I STUMBLED, AND SWORE - BUT QUIETLY, to avoid waking anyone.
It was 4.30am. I pulled up just as I was about to step into the lagoon swimming pool, picked my way round it, hit a dead end and tried another route. Then I realised that, while wandering in the darkness, I had come full circle. I was back outside my room.
When I had enthused about doing a night-to-day dive, I hadnt reckoned on the resort grounds being unlit.
My room was quite near the dive centre, but a journey performed automatically by day was now a low-vis nightmare. Nervous of letting down the other early risers, and aware that dawn was looming, I took a deep breath, visualised and restarted.
The dive centre was a big complex, and this time I found it. I couldnt understand how I had missed it before. Now I could make out the long jetty, and Tasik Rias four dive-boats.
Our captain, jovial even at this hour, was fuelling one of the small open boats while Mehti, the wiry dive guide, prepared our kit. Guests are politely required to do nothing other than enjoy the diving in North Sulawesi.
My buddy, Katy, was a young English woman who seemed to spend an indecent amount of her life enjoying Indonesias underwater world, never missing a chance to dive.
We headed for nearby Critter Circus. With a hint of a chill in the air, hitting the 29°C water was like slipping into a bath. Torches on, we found sand at 18m. Almost immediately Mehti was pointing out two pieces of floating debris that revealed themselves in our circle of light as robust ghost pipefish.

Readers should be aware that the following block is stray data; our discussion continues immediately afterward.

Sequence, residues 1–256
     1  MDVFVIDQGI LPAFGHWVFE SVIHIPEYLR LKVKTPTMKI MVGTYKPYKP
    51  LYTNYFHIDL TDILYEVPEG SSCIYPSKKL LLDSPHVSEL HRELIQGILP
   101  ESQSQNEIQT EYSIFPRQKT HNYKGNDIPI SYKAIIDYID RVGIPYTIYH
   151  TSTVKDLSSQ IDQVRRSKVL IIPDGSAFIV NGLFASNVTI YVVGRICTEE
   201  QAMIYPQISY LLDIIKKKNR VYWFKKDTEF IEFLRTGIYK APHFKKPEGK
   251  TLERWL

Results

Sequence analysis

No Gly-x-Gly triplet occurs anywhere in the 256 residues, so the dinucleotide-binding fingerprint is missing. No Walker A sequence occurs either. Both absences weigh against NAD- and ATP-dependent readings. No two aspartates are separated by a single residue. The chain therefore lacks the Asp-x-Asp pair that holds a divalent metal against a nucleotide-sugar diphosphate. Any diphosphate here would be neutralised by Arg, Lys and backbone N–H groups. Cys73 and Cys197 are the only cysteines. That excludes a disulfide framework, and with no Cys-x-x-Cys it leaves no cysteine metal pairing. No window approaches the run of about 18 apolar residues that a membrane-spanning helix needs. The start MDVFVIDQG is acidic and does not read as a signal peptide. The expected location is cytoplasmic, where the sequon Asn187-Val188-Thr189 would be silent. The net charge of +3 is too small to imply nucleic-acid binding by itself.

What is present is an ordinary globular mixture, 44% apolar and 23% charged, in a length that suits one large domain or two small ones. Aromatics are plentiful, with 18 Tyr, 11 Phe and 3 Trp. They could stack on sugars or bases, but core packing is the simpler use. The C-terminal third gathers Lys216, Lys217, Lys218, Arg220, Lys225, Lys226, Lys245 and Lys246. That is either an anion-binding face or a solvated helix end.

Over 70 minutes we moved from sand to reef and back, crossing the border from night to day imperceptibly, until we realised that we no longer needed lights. We enjoyed a parade of blue ribbon eels with leafy snouts agape, friendly cuttlefish, a puffed-up yellow frogfish, fluttering harlequin shrimps, a tiny coconut octopus crawling out of its cockleshell duvet and countless jumpy anemonefish.
Towards the end of the dive, we even found a lone mandarinfish resplendent in its psychedelic colours, surprisingly still up after yet another orgiastic night.

SO ANOTHER DAY BEGAN in north Sulawesi, with the virtuous glow of the early riser looking forward to breakfast and another fine days diving.
In fact we did four more dives that day; five hours in the water, just like liveaboard diving. Fortunately Tasik Ria provides free nitrox, so doing this regularly neednt be a strain.
We stayed with the small boat to visit the most distant of the mainland sites, Coconut Corner, along the coast past the sinister-looking building where swallows construct birds nests for Chinese soup-eaters.